First of all, the South Dakota Highway Patrol officer John Deuter was incredibly friendly, engaging and helpful, inviting us to stay in the warmth of his office (aka the patrol car) as we waited for the wrecker to drive the 100+ miles from the nearest town with a towing service. He shared quite a bit about himself, unraveling many of my stereotypes about the cold, unreachable figure behind mirrored sunglasses that many of us associate with state troopers. He told us with a broad smile and twinkling eyes about his expansive experiences traveling in Japan while he served in the Army, and we continued to pass the time very amicably discussing our world travels, our backgrounds, even the unique landscapes inherent in each of our respective lines of work. In short, it was an honor to meet him, and I was reminded in very tangible ways about the blessings that come about when someone chooses to embark on a life of service, which Officer Deuter clearly has done.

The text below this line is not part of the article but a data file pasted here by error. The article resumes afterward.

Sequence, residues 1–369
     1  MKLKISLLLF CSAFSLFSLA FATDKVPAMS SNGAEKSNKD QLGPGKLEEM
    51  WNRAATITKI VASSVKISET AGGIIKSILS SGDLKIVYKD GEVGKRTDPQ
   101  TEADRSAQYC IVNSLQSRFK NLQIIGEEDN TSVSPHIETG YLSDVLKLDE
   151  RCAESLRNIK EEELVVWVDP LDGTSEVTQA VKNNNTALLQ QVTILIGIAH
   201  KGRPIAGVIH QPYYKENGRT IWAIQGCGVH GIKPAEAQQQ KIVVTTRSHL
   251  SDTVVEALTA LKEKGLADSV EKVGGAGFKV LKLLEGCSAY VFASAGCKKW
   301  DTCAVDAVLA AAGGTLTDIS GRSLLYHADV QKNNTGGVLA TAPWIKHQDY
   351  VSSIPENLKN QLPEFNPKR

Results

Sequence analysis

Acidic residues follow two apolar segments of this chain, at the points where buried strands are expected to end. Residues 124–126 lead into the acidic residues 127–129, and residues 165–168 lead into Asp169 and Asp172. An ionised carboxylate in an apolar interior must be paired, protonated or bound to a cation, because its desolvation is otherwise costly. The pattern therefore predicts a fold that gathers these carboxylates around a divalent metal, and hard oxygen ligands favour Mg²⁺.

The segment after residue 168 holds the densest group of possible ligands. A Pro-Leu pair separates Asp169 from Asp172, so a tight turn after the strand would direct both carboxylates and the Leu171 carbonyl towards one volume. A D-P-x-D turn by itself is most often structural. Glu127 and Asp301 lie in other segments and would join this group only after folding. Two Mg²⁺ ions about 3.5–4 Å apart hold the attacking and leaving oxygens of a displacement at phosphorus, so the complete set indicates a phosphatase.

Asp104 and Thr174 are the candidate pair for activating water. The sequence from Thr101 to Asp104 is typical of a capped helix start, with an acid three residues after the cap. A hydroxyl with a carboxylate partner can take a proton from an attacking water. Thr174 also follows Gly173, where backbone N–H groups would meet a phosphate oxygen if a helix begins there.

It’s easy to take the presence of such people for granted in our lives, and one of the unexpected upsides of our experience was being reminded that, even when we don’t think about it, there are great souls who have chosen a life of service that surround us. I’m immensely grateful, and in this time of Thanksgiving, I want to acknowledge these great hearts with the loving gratitude they so richly deserve.